Friday, April 29, 2011

Buster Keaton, absurd behind bars


I'm currently involved in a scintillating argument with the Powers that Be, trying to prove that an erroneous statement on an important document that says "mild retardation" should actually say "severe retardation" and thus be shuffled onto another pile altogether, the pile that warrants a bit more help, some protective supervision is what it's called and might be the cause, the reason for the extra help to prevent the sort of fall that causes bloody noses, bruised and bumped. Said argument entails numerous telephone conversations and back and forths, the requesting of letters and papers with official stamps, the clock keeps ticking eighteen months, the choice between acceptance of mild and wanting severe making my heart shrink, grow cold and a layer of bars.

16 comments:

  1. onward, soldier. i am crossing my fingers you get what you need.

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  2. I send you hugs. I can't imagine that system there. Doesn't a doctor simply write what the diagnosis is, and that's taken as good enough?

    Healing thoughts to your heavy heart xo

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  3. This is NOT a fight a mother should ever have to fight.
    I love you.

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  4. They're not just labels, but they ARE in fact labels.

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  5. I can only imagine how difficult that statement must be for you to have to change and the gyrations for getting it changed must be like rubbing salt into a wound. And, as a little humor, William Faulkner has nothing on me for long sentences!!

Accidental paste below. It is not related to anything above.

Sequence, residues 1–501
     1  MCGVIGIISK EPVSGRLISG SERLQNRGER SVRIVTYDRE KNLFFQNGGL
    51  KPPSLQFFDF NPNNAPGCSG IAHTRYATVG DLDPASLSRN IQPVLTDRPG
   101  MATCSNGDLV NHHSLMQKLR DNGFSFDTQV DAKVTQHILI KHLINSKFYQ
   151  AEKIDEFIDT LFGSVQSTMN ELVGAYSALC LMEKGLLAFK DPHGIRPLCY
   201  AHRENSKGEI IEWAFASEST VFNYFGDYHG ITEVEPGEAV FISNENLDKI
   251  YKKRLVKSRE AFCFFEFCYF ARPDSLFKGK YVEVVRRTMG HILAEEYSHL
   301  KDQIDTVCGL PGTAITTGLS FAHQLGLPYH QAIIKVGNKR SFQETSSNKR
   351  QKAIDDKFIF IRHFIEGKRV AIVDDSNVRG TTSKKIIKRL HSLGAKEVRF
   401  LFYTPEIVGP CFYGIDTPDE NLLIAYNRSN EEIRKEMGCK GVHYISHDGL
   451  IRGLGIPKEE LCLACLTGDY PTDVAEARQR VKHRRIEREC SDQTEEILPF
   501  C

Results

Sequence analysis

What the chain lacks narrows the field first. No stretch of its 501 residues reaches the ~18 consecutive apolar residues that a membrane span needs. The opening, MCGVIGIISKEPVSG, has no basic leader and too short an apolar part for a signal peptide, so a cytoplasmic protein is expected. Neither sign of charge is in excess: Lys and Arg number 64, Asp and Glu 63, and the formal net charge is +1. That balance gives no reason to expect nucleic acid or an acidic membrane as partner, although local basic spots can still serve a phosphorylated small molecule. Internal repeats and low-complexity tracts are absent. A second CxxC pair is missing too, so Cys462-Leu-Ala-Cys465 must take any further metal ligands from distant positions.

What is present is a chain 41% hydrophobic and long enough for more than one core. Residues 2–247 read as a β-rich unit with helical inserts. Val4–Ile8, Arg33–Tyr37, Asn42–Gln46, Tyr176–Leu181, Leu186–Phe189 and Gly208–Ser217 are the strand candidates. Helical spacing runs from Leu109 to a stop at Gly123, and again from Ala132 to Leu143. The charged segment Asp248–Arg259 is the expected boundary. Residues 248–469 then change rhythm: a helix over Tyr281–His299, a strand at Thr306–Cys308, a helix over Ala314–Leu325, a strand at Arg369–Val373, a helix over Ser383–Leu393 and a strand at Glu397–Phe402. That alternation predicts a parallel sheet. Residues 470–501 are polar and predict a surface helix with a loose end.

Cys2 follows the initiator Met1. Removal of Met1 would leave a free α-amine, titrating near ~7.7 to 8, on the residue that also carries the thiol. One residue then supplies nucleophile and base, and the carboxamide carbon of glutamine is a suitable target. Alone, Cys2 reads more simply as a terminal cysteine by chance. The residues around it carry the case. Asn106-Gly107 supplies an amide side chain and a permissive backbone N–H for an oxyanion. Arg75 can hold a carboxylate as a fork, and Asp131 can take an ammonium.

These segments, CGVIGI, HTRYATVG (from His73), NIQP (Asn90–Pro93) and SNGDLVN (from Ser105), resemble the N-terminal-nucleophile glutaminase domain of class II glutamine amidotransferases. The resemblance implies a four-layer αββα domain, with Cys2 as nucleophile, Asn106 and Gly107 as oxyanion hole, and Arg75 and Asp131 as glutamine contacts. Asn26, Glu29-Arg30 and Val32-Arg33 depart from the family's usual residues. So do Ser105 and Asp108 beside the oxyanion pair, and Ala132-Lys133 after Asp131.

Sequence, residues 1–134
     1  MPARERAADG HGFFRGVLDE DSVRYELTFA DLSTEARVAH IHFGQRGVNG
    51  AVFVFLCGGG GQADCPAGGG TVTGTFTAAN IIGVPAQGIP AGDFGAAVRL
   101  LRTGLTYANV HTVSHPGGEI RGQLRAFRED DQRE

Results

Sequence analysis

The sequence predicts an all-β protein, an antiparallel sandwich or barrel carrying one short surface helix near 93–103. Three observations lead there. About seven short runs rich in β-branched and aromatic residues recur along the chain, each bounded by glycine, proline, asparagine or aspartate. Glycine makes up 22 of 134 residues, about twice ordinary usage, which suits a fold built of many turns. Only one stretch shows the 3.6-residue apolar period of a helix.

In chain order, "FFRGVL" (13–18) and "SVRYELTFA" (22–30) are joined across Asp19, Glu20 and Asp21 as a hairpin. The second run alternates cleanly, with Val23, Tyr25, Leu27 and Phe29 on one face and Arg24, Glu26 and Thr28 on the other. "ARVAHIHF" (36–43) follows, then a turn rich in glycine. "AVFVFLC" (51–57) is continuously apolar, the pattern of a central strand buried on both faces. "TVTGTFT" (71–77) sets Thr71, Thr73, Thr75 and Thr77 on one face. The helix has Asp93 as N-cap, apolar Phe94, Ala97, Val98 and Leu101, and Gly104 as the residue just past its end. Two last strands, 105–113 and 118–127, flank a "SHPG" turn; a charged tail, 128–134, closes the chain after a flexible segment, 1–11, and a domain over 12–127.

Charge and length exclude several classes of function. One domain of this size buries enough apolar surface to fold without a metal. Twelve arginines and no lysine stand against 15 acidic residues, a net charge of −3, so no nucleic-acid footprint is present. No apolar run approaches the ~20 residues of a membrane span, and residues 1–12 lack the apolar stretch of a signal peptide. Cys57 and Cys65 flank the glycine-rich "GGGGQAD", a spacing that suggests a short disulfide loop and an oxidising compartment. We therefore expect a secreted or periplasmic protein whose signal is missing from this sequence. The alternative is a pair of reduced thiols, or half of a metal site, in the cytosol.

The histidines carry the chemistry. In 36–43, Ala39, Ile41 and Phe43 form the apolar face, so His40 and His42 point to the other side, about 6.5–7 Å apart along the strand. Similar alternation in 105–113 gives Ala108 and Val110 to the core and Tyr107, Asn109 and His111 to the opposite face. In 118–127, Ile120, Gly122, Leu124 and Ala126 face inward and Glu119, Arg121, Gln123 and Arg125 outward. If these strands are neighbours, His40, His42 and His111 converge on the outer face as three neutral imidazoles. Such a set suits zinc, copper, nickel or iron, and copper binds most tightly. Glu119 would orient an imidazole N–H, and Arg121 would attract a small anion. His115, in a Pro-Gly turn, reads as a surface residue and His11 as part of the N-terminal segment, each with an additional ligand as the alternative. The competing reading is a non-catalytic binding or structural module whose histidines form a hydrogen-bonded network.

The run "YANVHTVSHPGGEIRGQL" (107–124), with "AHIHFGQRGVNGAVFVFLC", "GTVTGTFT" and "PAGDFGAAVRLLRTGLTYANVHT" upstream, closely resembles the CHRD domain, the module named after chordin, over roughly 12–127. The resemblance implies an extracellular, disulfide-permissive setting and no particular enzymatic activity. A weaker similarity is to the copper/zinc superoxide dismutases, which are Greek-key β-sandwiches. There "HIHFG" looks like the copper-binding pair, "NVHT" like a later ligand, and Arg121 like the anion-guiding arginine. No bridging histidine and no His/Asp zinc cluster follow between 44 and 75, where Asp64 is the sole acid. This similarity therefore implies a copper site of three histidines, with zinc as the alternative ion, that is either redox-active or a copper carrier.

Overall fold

Best,
    Bonnie

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  6. "the choice between acceptance of mild and wanting severe making my heart shrink, grow cold and a layer of bars."

    what shouldn't be, is. and that stinks. but also, sometimes, the what is, is still so valuable, valued, and beautiful. like a mother's love for her beautiful, yet disabled, daughter. like the daughter, herself. no matter what the labels need to say to get her the help she needs.

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  7. How come seizure disorder and difficulties with motor planning don't suffice? With a photo of the poor bruised nose?

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  8. God, it's so hard. Blowing the wind at your back as hard as I can. Love.

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  9. Get on out from behind those bars, the bars of bureaucracy. One day you will be free, I hope. I hope so much for you Elizabeth.

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  10. A - Protective supervision is not related to seizures and/or medical disorders. In fact, that works against it. Protective supervision is for children/adults whose cognitive disability is such that they can endanger themselves without 24-hour supervision. As you know that would be Sophie, but evidently there's a lot of rigmarole to "proving it."

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  11. How awful, thinking of you xo

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  12. courage !
    http://whatisbelgium.blogspot.com

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  13. I hope for fairness for you and for Sophie. And for her best care too .....

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